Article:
In an email, Oleg Drozhzhin, senior research scientist at the Skoltech Center for Energy Science and Technology and Lomonosov Moscow State University, explains several of the main views currently held on hard carbon charge storage mechanisms.
“The most popular and old one is ‘intercalation-adsorption’ (i.e., intercalation between curved graphitic layers within the sloping voltage region and adsorption at low-voltage plateau),” he says. “Another model, named ‘adsorption-intercalation,’ supposed Na+ adsorption at the surface or defects sites with further intercalation within the low-voltage plateau.”
Several alternative models—such as “adsorption-filling” and three- or four-stage models—also exist, but Drozhzhin says determining which model is correct is difficult.
“…hard carbon is an extremely complex object for studying. As it does not possess long-range ordering, usual methods such as X-ray diffraction or transmission microscopy could not reveal the type of electrochemical process,” he says.
Drozhzhin says several sophisticated methods have provided some insight into the mechanisms, such as the work of Clare Grey’s group at the University of Cambridge using solid-state nuclear magnetic resonance, but “at the moment there is no method that could definitely determine the charge storage mechanism in hard carbon.” As such, “The existence of several opinions on a complex subject is the best way to understand the nature of things,” he says.
Based on this premise, Drozhzhin and colleagues at Lomonosov Moscow State University, Skolkovo Institute of Science and Technology, and Tokyo University of Science decided to conduct their own study on the charge storage mechanisms in hard carbon. And in the recently published paper on their research, they propose a model that differs from the currently most popular view.
In their study, they used linear sweep voltammetry to analyze the pseudocapacitive behavior of hard carbon. (Pseudocapacitance refers to adsorption with certain chemical interactions allowing charge transfer.) And based on their findings, they agree that a three-stage “adsorption-intercalation-adsorption” process first suggested by Bommier et al. in 2015 is a good model for interaction between sodium ions and the hard carbon anode.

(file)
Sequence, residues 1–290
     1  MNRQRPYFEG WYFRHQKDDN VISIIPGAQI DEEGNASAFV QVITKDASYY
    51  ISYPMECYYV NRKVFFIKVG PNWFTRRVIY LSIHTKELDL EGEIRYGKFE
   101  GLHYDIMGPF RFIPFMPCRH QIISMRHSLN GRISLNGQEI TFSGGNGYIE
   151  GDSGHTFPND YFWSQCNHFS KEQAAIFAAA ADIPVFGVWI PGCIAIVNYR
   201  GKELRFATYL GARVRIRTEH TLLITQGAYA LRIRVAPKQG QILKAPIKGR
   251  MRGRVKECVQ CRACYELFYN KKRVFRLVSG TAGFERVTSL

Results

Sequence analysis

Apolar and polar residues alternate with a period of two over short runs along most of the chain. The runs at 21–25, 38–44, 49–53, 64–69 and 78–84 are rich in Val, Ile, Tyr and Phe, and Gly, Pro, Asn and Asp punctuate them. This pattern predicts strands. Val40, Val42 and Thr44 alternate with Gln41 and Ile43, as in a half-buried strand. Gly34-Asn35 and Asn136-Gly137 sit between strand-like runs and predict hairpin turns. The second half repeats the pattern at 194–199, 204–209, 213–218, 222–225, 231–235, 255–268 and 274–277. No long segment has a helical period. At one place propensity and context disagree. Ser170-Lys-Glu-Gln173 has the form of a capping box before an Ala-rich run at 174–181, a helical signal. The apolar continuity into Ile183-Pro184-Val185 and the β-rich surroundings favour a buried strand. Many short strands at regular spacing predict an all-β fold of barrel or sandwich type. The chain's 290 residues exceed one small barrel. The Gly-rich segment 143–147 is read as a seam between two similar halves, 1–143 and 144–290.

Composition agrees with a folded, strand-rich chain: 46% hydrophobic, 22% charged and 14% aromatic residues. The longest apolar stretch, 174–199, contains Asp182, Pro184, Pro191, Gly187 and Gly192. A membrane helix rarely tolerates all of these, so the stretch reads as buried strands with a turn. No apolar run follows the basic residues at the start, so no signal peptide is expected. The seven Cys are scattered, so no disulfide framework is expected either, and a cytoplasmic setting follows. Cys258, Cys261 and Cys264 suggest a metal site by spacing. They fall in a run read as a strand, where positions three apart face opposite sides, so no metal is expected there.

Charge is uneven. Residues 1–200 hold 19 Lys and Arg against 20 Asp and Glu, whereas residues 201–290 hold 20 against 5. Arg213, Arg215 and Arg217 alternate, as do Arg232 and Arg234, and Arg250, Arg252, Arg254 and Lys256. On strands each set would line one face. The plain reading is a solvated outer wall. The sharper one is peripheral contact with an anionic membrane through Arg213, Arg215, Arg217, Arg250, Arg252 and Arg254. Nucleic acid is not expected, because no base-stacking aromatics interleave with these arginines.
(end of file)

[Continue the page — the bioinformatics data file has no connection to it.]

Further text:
“First, pseudocapacitive-type reaction between Na+ and carbon open surface occurs at high potentials,” they write in the paper. “After the surface is filled, intercalation of Na+ between pseudographitic layers takes place, which is evidenced by low b-values (close to 0.5).”
“Finally, another type of pseudocapacitive-type process is observed at very low (~20 mV) potentials. … Under the theory of open and internal porosity, this third process can be considered as pseudocapacitive Na+ filling within internal pores, since this type of electrochemical reaction may occur only after filling the bulk volume of the material with Na+,” they conclude.
In the future, Drozhzhin says there are several aspects of anode materials for Na-ion batteries they wish to explore further, including
- Safety issues, particularly the process of sodium dendrite formation during long-term cycling;
- Self-discharge, particularly the rate of charge loss at different states of charge; and
- Full cells, particularly which cathode materials combine best with hard carbon anodes.
The paper, published in Electrochimica Acta, is “Unveiling pseudocapacitive behavior of hard carbon anode materials for sodium-ion batteries” (DOI: 10.1016/j.electacta.2020.136647).